While the city expands, at the pace not before seen anywhere else, you can see the skyline literally changing in front of your eyes. Black and White money makes its way in, to purchase property and apartments at sky rocketing prices. It certainly feels like a bubble, but, so far, a contained one!
From the food perspective, I was surprised to find that Emiratis consume more chicken than red meat! Chicken is kind of the national meat and there are interesting and ethnic 'fast food' joints serving it. If you are looking to find some ethnic markets or souks, food or otherwise, you are likely to be disappointed, unless you want to go to the wholesale fish and vegetable or carpet markets. I asked several residents about it and was pointed towards Carrefour or other malls in the city. I found this rather ironic! That said, food in general spectacular in the city, no matter the price point. I am curious where they get the ingredients from. Nearby Al Ain is supposed to be lovely for all that old world stuff, so a day trip, if you have time, would be a good idea.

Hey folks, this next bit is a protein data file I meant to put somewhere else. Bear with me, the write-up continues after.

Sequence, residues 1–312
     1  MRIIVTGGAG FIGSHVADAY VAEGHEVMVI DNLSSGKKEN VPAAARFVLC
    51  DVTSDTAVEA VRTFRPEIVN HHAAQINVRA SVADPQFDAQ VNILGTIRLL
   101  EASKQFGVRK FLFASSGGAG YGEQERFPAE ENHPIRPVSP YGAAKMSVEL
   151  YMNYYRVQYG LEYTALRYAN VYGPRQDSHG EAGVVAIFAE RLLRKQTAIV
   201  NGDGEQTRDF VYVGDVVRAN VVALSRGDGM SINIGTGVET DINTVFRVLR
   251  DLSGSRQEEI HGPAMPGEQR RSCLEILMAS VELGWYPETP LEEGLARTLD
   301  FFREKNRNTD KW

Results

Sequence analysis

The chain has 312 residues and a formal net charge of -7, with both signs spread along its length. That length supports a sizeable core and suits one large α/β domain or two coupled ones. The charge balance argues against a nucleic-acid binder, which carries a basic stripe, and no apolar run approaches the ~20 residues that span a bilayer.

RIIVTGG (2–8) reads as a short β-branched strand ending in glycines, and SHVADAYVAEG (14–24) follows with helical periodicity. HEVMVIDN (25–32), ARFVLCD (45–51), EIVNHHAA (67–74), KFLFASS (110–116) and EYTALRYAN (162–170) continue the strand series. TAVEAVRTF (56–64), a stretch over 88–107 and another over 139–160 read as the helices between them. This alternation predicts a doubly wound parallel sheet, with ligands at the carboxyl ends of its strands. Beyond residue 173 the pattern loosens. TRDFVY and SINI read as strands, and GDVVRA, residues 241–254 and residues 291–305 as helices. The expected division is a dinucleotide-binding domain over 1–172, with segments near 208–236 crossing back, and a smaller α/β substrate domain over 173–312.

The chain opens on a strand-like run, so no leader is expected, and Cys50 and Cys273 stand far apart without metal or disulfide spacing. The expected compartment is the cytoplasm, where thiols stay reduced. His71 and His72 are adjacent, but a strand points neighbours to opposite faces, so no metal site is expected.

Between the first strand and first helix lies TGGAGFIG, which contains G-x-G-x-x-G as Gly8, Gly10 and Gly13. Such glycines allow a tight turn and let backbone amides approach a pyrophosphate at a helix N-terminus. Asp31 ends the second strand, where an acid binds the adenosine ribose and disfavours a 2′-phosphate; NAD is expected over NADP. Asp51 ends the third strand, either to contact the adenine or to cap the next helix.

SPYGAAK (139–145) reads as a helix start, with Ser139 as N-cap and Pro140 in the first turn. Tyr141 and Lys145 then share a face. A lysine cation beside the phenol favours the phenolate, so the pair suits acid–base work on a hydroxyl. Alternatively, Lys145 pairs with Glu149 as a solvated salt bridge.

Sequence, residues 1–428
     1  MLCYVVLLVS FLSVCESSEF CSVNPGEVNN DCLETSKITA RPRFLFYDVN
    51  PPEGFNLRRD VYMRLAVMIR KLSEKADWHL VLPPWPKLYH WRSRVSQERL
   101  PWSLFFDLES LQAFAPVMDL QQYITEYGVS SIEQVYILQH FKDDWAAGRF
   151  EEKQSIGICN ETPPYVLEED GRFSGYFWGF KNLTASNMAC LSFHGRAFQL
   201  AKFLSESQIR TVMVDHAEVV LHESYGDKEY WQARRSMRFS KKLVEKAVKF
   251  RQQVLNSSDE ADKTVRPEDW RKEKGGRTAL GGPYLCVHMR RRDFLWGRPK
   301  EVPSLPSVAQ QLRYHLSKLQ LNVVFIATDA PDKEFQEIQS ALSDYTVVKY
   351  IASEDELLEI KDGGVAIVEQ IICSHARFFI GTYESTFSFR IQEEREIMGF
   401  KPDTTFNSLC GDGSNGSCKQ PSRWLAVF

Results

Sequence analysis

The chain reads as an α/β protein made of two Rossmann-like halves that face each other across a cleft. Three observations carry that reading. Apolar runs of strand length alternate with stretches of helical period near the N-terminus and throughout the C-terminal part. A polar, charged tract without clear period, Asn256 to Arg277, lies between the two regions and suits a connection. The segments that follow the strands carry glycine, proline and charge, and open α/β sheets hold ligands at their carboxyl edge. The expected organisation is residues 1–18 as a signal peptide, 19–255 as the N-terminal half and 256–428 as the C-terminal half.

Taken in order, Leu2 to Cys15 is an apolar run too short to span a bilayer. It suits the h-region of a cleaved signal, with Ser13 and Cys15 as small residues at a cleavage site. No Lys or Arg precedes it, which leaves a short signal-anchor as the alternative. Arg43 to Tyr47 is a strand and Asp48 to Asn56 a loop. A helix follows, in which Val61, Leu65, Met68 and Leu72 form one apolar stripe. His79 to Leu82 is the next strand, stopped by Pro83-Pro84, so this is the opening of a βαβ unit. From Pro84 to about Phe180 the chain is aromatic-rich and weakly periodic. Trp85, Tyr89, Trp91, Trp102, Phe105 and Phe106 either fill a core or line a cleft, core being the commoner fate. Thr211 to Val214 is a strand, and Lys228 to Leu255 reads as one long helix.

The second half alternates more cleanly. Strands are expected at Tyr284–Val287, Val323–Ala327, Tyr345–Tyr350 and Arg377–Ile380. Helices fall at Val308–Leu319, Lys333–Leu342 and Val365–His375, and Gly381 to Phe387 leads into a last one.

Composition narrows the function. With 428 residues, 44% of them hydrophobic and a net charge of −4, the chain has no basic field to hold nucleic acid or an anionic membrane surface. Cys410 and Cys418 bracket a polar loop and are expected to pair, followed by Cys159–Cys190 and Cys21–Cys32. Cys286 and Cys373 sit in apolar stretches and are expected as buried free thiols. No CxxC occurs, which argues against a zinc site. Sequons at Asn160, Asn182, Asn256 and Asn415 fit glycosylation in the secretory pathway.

Drinks.... For a Muslim country, the cocktails I tried here were some of the best I have ever had. And, I am saying this with my snooty New Yorker hat on! The Ritz where I was dropped off after the desert tour, gained my patronage by being absolutely wonderful to me even though I was not a guest. To show my appreciation, I decided to empty my wallet at their lovely Barfly by Buddha Bar. What an investment that was! The Old Fashioned, my favorite cocktail, came with Japanese flavors and real time cherry wood smoke (you can see doing that in the photo below). It was beautifully crafted both in flavor as well as showmanship! A grapefruit spritz got a good dose of grapefruit foam made onsite. The drinks are not cheap, costing a walloping $25 per drink but for the taste, pizzaz and quantity (1.5-2x normal pours), I'd call it well worth it. It is the Ritz after all, and, you certainly don't want to go there looking to get drunk.... just amused in a sophisticated way! :D